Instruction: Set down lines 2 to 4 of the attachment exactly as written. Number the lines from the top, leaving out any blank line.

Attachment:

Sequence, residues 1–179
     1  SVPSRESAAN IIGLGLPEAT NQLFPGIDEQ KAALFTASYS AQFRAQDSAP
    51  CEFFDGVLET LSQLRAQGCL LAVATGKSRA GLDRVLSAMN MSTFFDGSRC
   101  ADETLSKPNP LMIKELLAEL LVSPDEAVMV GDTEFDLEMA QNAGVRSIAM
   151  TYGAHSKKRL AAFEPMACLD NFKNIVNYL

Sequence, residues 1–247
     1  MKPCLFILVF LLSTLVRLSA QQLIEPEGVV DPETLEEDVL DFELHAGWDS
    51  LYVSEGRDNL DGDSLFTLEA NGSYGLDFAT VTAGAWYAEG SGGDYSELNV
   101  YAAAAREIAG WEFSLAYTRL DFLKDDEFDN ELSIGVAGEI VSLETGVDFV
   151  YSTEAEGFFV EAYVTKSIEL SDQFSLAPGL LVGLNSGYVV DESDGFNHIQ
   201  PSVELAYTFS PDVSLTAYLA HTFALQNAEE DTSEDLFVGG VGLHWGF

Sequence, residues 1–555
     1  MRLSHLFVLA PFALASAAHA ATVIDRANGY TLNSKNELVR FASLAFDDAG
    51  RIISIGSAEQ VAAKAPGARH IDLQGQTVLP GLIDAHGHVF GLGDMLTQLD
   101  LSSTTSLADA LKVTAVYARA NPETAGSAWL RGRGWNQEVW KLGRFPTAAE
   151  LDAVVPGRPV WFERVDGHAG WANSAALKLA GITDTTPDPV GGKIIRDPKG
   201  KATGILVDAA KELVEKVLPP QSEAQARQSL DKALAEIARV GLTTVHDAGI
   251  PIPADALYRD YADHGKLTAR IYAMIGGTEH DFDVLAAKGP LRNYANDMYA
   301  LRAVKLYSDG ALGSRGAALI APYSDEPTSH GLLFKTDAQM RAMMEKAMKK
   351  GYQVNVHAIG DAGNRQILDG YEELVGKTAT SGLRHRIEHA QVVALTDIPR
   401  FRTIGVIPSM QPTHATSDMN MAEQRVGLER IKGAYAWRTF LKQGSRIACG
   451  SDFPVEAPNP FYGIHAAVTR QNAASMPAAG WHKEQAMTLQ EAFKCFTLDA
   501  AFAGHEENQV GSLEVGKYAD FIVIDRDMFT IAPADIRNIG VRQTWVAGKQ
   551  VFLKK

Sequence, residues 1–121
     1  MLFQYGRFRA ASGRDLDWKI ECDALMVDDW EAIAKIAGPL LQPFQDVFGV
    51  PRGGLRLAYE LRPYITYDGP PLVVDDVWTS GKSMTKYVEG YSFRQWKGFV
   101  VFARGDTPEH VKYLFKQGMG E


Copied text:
     1  SVPSRESAAN IIGLGLPEAT NQLFPGIDEQ KAALFTASYS AQFRAQDSAP
    51  CEFFDGVLET LSQLRAQGCL LAVATGKSRA GLDRVLSAMN MSTFFDGSRC
   101  ADETLSKPNP LMIKELLAEL LVSPDEAVMV GDTEFDLEMA QNAGVRSIAM